As with the others, stock intake is grey, the AEV snorkel is Blue, and the pre-cleaner version is Green:

Manifold Air Density with vs without snorkel

Manifold Air Density with vs without snorkel

Conclusion: The snorkel stays

Yup, despite our original distaste for these things, we're happy to have it now. We've grown accustomed to using carwashes in our Jeep and love unloading a clean rig after a dirty trip somewhere, so the thought of a feature that denies us this is bothersome. Thankfully, we discovered the snorkel really isn't affected by rotating brushes so long as the ram is mounted backwards, and we won't try a wash with brushes if the Sy-Klone is installed. They are super easy to swap, so this is proving to be no big deal

Cleaner intake air is a huge priority, and we've had trips that render an air filter trash In mere days, so we'll take any help we can get here. Without the pre cleaner, the snorkel will help some, but with - we'll likely need filters far less often. 

Cooler air = more power, and that 1.2-3.4% greater density translates into 4-10 HP. We'll certainly take all the extra power we can get out of this little V6.  Consequently, we will run the AEV ram on the highway and the Sy-Klone on the dirt. 

Of all the reasons we're keeping the snorkel, fording deep water isn't one of them. This is somewhat entertaining to us as that's the only thing most people think a snorkel is for. It will be reassuring though if we take a plunge that's deeper than anticipated.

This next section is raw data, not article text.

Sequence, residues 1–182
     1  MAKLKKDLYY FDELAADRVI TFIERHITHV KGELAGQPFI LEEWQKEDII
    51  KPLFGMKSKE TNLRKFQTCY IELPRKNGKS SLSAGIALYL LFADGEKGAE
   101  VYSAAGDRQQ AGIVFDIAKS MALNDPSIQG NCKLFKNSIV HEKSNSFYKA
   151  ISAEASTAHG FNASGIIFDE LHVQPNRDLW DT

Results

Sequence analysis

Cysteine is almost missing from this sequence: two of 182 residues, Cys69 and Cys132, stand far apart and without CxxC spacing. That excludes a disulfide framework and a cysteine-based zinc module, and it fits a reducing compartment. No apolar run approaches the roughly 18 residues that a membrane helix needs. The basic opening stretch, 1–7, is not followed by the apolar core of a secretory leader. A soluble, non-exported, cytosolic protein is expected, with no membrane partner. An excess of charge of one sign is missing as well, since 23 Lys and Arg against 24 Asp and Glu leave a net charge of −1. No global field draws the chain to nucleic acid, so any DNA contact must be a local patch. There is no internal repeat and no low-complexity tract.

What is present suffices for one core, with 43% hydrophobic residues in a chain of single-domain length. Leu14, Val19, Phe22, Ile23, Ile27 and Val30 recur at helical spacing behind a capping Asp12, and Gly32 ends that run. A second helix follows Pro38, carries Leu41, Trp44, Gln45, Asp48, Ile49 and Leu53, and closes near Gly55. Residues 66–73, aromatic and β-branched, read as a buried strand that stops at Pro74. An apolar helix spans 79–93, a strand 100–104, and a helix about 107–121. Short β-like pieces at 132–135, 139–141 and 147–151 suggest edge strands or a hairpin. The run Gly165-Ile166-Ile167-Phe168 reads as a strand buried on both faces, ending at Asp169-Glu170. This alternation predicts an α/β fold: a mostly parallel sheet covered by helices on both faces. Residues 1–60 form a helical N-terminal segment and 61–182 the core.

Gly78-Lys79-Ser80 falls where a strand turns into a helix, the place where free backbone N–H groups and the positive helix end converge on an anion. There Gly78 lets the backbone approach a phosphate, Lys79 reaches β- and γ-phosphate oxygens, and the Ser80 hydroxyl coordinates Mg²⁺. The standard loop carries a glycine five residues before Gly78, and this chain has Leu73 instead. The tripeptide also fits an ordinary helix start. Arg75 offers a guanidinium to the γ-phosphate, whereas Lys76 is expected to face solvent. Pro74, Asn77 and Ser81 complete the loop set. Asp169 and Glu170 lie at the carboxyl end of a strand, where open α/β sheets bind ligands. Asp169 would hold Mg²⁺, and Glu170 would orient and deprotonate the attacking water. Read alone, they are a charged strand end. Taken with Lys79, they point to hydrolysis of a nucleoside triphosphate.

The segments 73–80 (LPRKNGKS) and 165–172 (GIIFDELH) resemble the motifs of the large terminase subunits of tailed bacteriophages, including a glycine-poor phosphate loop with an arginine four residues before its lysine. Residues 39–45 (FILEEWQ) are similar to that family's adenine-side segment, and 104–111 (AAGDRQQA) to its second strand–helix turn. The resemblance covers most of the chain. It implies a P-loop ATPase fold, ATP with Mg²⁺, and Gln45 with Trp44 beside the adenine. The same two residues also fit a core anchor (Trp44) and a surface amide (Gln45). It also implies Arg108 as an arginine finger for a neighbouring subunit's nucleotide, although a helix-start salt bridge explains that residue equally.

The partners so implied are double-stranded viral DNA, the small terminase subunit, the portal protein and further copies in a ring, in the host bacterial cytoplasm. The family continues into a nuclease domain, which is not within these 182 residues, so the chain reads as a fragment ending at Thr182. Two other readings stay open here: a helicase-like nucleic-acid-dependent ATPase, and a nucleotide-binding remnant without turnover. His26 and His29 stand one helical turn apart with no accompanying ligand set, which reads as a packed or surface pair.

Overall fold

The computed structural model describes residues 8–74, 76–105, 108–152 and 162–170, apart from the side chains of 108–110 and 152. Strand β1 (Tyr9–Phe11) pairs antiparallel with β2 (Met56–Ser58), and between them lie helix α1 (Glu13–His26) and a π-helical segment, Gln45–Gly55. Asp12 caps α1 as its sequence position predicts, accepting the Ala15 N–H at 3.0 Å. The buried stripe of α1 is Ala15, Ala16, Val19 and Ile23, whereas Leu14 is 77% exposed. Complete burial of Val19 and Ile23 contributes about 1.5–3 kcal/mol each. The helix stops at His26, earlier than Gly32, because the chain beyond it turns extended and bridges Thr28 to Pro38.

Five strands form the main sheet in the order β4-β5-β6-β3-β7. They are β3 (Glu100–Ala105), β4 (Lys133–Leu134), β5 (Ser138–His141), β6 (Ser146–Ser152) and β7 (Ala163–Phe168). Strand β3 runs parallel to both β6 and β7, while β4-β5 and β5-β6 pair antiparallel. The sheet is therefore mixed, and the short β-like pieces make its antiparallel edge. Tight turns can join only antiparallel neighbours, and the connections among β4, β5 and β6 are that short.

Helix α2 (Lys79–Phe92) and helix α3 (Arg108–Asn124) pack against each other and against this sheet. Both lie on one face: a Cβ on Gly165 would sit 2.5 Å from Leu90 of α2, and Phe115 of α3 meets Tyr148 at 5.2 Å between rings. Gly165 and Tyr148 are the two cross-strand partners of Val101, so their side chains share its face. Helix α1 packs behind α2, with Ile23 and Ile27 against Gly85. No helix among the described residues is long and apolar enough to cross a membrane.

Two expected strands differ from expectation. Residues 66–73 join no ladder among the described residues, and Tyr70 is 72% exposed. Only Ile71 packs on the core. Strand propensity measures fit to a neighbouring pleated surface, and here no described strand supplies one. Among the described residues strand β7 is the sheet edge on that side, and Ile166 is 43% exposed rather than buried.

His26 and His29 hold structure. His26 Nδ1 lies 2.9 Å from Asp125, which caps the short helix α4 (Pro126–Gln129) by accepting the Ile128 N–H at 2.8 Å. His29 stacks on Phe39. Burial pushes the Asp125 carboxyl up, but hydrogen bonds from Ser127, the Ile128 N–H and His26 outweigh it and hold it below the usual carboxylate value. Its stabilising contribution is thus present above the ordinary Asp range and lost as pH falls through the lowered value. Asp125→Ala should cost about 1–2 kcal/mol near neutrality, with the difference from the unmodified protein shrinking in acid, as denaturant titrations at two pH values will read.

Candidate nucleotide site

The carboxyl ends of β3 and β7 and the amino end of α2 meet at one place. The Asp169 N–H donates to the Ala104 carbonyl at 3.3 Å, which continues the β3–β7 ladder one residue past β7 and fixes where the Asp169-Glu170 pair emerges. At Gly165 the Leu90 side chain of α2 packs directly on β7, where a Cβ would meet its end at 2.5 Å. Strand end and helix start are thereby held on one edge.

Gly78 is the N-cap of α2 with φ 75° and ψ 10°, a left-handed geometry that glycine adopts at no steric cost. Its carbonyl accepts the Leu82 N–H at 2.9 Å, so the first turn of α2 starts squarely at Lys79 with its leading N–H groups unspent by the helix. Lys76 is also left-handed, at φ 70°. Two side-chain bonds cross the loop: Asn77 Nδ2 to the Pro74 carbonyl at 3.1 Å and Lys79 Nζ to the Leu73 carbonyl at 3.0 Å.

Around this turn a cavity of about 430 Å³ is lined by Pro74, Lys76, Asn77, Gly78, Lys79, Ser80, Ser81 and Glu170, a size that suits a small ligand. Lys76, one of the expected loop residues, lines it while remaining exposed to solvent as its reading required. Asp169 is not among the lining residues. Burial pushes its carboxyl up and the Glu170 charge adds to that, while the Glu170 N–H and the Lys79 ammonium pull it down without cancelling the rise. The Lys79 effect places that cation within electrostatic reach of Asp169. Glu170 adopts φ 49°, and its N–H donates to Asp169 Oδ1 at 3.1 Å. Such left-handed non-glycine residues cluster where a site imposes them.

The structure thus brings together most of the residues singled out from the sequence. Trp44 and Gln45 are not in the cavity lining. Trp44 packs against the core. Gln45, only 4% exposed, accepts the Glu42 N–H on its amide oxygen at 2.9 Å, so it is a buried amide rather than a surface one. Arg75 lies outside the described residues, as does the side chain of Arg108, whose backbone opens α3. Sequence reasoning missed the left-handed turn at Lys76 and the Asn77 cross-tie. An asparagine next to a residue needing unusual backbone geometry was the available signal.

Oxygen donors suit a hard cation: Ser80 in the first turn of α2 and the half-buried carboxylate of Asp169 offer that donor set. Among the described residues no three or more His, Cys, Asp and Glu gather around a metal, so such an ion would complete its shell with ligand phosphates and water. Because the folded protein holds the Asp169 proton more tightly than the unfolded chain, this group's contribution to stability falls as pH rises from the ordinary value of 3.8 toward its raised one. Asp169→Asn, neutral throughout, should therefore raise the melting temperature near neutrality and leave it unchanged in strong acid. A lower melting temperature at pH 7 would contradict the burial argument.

Some final comments:

We tested more configurations than we shared here, but this snorkel was by far the best, so to keep the comparison clean, this is all we included. Even the Banks JK intake couldn't compare. Though it did produce slightly less pressure drop, it still consumed VERY hot air, and ultimately failed to produce appreciably better density than the factory filter assembly. Funny thing is, we used the Banks iDash Data Monster to run all these logs, and we LOVE that thing! We've even got alarms set up for coolant temp, oil temp, etc. and even added an analog input to monitor rear differential temperature!

Also, we are not affiliated with AEV or SnorkelUpgrade in any way. We purchased all our AEV components ourselves and have no vested interest in whether or not anyone decides to go buy one of these.

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David is addicted to building things, travel, and photography.